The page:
#ProjectPaulie was first conjured as a plan to feed furloughed bartender friends, but quickly morphed into a multi-pronged project to reach as many unemployed hospitality-industry workers as possible.
I’m sure someone reading this can explain the science to me, but the important information here is quite simple: In times of crisis, cheese and carbs—and yes, alcohol—are best.
“It’s been 24/7 since we realized bars and restaurants were closing, that they were going to have to close, and almost everyone we know was going to be out of work,” Bandera said.
“I was just like, Let’s start cooking—let’s start doing something.”
That something evolved into #ProjectPaulie: homemade lasagna, Narragansett, Red Bull, and Tequila Tromba cocktail care packages delivered to out-of-work restaurant workers across the state.
What was first conjured as a plan to feed furloughed bartender friends quickly morphed into a multi-pronged project to reach as many unemployed hospitality-industry workers as possible. The reach is long, both geographically and by job description.
“At first we thought we’ll give this to a few bartender friends we know who have lost their jobs; now, it’s everybody,” Bandera said.
“Bar owners who have loans out and can’t make rent … they’re not gonna be open anymore. It’s wild, there’s not a whole lot of distance anymore between the various angles of the industry. Owners are just as screwed as dishwashers and bussers. We’ve been all the way out to Worcester, and we’re delivering to everyone from servers to drag queens.”
To date, Bandera has cranked out more than 500 8”x8” lasagnas from her home in Quincy, averaging about 20 dishes a day since mid-March.
“It’s been crazy to see that we can do all of this with none of us being in the same room,” Trott said.
#ProjectPaulie’s been diligent about maintaining social distancing measures throughout the operation: “I’m handling the cooking, Pete and Chris do drop-offs, Chris does all the routing,” Bandera noted.
“It’s really important for us to be the cleanest we possibly can and have people touch the least amount of hands. We have some people going to Restaurant Depot [for lasagna supplies] and making drop-offs here [at my house]. The packages get picked up on my porch,” she said.
“Making deliveries also added the personal touch to it,” Trott said. “I get to wave at the person from the street and say, Hey, it’s good to see you.”
Which, right now, is a treat itself—especially for a group of people who, let’s be real, make their living by being social, and have been cut off at the knees in terms of their ability to earn.
The financial realities of people working in—and owning—bars and restaurants are currently pretty bleak: loans that were meant to help this sector of our economy have largely benefitted large chains and people outside of the restaurant industry, while unemployment benefits for tip-dependent and/or minimum-wage workers are frequently inaccessible and/or inadequate.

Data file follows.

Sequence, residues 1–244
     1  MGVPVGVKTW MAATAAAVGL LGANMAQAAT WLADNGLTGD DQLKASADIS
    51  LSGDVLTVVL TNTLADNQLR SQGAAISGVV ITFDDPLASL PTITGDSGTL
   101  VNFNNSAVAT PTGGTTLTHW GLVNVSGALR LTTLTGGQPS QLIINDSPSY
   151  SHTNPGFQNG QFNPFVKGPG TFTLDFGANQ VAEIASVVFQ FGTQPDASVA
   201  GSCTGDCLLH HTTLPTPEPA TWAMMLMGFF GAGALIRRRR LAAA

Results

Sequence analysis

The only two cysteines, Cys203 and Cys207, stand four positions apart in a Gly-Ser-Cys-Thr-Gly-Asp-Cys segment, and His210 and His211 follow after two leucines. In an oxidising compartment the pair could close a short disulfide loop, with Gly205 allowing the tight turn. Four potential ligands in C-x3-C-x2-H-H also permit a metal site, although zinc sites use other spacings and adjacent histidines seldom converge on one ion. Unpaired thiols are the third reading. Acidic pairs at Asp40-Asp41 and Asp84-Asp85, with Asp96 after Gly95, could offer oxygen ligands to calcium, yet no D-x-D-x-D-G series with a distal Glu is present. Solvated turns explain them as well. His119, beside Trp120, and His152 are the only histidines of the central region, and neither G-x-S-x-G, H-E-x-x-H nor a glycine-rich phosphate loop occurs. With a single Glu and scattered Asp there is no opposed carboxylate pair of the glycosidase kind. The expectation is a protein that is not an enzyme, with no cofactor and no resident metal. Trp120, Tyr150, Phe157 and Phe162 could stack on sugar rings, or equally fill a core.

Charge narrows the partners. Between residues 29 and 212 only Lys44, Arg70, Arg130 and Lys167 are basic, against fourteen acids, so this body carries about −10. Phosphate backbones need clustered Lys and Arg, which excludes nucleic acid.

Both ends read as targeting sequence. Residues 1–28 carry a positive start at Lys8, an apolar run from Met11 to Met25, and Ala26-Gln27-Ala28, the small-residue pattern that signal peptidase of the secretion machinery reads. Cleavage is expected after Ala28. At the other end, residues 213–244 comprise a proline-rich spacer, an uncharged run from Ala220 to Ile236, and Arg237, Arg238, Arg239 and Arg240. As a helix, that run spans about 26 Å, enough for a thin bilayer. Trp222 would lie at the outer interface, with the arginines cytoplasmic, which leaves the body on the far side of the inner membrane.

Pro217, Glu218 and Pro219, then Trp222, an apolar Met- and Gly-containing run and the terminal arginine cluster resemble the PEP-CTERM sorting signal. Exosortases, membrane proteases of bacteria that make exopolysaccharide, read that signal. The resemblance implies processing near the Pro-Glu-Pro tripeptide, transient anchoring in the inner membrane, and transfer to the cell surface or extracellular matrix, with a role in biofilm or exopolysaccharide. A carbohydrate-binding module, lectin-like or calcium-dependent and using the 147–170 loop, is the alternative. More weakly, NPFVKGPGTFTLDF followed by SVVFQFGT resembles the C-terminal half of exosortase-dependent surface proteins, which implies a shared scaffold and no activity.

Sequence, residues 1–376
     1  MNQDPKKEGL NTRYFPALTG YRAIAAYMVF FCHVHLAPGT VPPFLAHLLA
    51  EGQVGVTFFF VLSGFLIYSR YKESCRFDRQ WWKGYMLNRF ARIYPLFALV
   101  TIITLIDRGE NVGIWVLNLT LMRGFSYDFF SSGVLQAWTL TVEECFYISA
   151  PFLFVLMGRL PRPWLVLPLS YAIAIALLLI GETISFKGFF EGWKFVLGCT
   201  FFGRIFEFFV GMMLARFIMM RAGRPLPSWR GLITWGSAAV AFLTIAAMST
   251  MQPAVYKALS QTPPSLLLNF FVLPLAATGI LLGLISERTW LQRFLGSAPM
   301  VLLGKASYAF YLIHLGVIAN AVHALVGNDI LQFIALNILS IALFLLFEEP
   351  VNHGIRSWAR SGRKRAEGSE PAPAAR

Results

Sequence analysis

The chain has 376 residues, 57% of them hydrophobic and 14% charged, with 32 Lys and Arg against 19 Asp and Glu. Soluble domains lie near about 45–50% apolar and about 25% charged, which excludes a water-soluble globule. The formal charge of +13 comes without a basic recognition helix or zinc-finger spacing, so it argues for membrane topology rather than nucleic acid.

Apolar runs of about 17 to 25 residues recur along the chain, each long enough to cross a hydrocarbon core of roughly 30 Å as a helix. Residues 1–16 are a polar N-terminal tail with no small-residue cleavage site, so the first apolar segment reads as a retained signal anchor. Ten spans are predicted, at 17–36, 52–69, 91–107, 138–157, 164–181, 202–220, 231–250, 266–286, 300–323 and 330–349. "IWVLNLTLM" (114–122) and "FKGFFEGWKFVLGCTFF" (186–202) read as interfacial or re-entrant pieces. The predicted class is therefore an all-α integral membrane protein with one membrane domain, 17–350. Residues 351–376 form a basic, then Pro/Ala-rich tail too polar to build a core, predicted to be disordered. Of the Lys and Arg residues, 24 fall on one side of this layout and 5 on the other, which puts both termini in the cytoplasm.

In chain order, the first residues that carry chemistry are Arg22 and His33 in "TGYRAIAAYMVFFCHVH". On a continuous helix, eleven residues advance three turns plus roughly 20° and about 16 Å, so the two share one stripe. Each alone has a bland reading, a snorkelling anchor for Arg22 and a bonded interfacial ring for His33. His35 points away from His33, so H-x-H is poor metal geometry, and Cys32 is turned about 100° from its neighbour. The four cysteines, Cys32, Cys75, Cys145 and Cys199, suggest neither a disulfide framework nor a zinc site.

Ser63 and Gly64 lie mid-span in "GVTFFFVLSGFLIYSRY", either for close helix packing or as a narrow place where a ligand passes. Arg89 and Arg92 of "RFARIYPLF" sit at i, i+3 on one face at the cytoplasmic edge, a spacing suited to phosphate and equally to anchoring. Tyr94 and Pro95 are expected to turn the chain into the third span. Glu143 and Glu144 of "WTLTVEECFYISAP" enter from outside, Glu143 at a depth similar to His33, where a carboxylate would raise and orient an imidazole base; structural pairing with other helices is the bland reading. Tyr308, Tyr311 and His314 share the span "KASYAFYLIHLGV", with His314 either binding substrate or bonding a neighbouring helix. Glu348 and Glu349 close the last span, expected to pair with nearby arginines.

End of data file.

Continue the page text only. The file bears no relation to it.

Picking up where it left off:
“These are people who have spent their entire lives taking care of us,” Bandera said, acknowledging that without the $600/week unemployment stimulus, people across the city and state would be starving. “Feeding us, washing our dishes, and making us drinks, and right now it’s like I want to give these people one less thing to think about.”
“We want them to not have to worry about dinner.”
#ProjectPaulie plans on operating as long as the shutdown continues. With a waiting list of about 100 out-of-work service industry folks, the lasagna love is currently fully donation-funded.
“We actually have talked a lot about how sustainable this is,” Trott said. “We don’t know how long this will go on. We can’t go out and sell, we can’t really have events outside of livestreams, and we want to keep going.”
With statewide mandatory closures and shelter-in-place recommendations extended through May 18, the number of hospitality industry people affected—financially, emotionally, psychologically—is going to continue to rise: “I now know what a panic attack feels like,” Boyd said.
“Everything changes, for all of us, day to day,” Bandera said. “We just don’t know. … But this is getting people fed and showing them appreciation and not making them work for it, which is really important. It shows up on their doorstep … we have streamers, we have decorations, we just wanna brighten their shitty ass fuckin’ day.”
As a recent recipient of a #ProjectPaulie care package I can confirm, for all of the people across the city and across the various swaths of hospitality represented in the undertaking: Shitty ass fuckin’ day successfully brightened.
“At the end of the day, my job is experiential,” Boyd said. “It’s sort of just a pay it forward.
I don’t want people to ever think of me or a brand I work with as some shark salesman.”
“I always want people to think, Oh, I had a really good time.”
Which, honestly, is all any of us want right now.